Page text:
Bernard the Fire Dragon walks into Wal-Mart.  Bernard wants to buy a new HDTV for $1,000.00.  Unfortunately, all Bernard's cash is tied up in the stock market, so he buys it on terms of "$1.00 a day for 1,100 days!", assuming his stocks will turn around soon and he'll have more cash on hand.  Bernard signs a contract with Wal-Mart in which he agrees to pay $1 a day for 1,100 days; under the contract, Wal-Mart retains title to the TV until Bernard finishes making all payments due.

Wal-Mart typically doesn't file a UCC-1 for such small transactions.  However, given Bernard's dubious nature, they go ahead and file one, but while it accurately described the TV, it mistakenly identified the debtors as "Vernard."

Three days after Bernard buys the TV, Barry the Imp is over watching Bernard's new flat screen, and offers to buy it off him for $800.  Bernard accepts, sure that he's identified a great stock in which he can turn that $800 into a huge gain. Barry pays the $800, takes possession of the TV, and puts it in his living room. Barry knows nothing of Bernard's agreement with Wal-Mart.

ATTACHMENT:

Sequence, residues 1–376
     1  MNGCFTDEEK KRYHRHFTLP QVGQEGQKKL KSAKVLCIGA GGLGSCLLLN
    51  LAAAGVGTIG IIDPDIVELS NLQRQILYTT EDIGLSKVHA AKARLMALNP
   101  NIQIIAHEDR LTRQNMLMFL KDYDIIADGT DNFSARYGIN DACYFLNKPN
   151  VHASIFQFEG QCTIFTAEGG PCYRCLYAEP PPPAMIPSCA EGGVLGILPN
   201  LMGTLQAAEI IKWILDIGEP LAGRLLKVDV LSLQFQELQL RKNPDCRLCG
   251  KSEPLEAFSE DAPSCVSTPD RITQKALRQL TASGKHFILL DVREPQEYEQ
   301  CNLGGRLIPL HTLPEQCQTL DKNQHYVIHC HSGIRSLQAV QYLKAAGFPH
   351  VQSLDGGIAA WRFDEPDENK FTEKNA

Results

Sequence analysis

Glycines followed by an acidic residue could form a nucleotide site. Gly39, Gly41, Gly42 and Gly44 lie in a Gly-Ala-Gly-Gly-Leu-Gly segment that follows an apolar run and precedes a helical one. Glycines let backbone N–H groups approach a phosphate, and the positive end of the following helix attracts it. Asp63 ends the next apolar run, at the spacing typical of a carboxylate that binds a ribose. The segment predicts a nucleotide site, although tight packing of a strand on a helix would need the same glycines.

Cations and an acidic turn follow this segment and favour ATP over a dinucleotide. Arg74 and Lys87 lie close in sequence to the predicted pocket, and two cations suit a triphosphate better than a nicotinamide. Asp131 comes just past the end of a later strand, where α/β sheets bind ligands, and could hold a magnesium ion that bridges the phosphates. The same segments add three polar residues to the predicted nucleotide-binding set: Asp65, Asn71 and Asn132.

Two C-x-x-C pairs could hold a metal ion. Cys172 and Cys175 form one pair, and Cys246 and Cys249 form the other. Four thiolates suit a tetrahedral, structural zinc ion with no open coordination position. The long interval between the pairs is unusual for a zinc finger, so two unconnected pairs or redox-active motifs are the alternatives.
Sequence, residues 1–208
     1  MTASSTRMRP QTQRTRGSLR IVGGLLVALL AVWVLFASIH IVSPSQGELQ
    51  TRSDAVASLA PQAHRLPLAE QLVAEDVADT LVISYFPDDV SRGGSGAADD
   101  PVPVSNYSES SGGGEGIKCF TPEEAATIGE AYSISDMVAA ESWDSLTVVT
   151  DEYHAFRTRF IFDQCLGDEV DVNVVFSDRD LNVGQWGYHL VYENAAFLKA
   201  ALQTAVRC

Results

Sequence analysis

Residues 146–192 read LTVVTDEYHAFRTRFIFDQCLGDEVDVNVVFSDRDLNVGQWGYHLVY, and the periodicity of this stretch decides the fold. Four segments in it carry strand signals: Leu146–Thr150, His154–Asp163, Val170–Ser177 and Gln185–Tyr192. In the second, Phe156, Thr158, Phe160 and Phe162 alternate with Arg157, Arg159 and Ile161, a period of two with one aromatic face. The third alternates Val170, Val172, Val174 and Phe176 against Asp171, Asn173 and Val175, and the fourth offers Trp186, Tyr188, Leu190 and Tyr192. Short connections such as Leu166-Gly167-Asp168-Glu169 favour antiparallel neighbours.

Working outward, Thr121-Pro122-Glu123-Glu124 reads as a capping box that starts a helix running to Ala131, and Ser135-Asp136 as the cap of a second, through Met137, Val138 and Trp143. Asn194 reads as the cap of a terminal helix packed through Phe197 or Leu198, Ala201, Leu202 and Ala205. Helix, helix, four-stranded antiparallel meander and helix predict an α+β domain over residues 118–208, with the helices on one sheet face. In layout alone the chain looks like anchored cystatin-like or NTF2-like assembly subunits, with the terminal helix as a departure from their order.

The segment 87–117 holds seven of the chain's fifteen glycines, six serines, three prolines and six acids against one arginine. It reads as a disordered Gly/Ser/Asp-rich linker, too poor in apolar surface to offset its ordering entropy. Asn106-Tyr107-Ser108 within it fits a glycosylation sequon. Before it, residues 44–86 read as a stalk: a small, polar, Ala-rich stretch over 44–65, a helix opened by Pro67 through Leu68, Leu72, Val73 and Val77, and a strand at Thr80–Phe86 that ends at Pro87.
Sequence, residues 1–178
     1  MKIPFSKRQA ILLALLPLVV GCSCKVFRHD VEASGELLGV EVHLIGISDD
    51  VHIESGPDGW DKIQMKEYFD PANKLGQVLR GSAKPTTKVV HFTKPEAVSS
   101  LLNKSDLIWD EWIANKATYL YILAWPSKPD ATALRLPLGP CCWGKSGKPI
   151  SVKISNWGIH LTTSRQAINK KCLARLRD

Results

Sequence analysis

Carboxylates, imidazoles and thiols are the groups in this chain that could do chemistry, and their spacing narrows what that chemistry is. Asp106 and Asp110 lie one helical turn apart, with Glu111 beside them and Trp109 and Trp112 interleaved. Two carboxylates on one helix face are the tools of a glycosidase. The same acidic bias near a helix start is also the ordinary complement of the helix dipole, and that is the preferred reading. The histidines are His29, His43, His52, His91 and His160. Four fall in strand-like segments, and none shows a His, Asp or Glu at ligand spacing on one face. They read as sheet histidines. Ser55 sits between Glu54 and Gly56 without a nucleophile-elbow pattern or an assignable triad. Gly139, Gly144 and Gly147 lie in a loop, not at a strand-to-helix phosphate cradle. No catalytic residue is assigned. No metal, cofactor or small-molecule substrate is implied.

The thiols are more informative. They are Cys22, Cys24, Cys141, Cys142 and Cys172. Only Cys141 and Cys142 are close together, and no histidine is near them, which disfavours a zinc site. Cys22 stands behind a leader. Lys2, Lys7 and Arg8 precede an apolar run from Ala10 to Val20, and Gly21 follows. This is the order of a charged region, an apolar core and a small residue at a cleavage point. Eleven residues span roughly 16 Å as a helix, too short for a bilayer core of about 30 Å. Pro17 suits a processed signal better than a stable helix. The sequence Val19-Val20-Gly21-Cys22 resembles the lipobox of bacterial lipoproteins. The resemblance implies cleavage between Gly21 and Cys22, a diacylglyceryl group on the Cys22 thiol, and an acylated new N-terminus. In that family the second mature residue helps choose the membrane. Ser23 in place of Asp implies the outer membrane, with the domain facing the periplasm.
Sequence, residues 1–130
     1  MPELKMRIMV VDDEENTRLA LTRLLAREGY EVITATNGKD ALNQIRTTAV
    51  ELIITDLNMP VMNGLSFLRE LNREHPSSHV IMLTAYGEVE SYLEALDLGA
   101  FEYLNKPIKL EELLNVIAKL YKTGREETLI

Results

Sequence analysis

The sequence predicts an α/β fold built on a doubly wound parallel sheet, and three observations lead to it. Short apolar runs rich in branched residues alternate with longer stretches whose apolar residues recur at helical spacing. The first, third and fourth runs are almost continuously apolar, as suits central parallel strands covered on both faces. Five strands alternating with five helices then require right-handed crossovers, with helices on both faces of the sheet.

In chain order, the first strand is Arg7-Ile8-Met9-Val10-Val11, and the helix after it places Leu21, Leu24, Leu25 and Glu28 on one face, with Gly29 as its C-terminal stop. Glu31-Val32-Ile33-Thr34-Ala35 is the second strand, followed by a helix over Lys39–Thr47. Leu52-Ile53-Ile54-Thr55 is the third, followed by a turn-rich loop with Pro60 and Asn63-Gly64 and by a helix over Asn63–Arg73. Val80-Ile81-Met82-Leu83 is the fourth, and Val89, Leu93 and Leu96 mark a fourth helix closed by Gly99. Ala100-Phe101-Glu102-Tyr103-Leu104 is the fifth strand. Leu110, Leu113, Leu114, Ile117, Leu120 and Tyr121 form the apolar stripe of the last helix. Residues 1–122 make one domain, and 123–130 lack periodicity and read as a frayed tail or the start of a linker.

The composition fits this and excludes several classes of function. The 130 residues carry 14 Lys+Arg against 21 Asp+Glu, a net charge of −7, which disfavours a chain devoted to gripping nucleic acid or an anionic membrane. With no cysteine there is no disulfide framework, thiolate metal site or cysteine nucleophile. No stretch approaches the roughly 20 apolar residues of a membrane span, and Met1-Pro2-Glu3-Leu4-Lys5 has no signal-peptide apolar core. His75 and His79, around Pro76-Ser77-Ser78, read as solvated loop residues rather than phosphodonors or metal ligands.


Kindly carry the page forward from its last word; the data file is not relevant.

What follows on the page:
Bernard's stocks don't turn around, and as his "penny-stock" strategy collapses, he is forced to file for bankruptcy less than a week later. Which of the following statements is correct?

1. Because Wal-Mart filed a UCC-1, Barry had constructive notice of Wal-Mart's prior interest, giving Wal-Mart's priority over both Barry and the bankruptcy trustee.

2. Wal-Mart's UCC-1 contained a "seriously misleading error," but this was irrelevant because Wal-Mart's security interest was automatically perfected, giving Wal-Mart priority over both Barry and the bankruptcy trustee.

3. Barry can keep the TV without regard to Wal-Mart's claimed security interest, which is not effective against him.

4. The bankruptcy trustee has the best right to the TV, because Bernard didn't actually own the TV until he finished paying for it (which he didn't), and thus he couldn't transfer good title to Barry.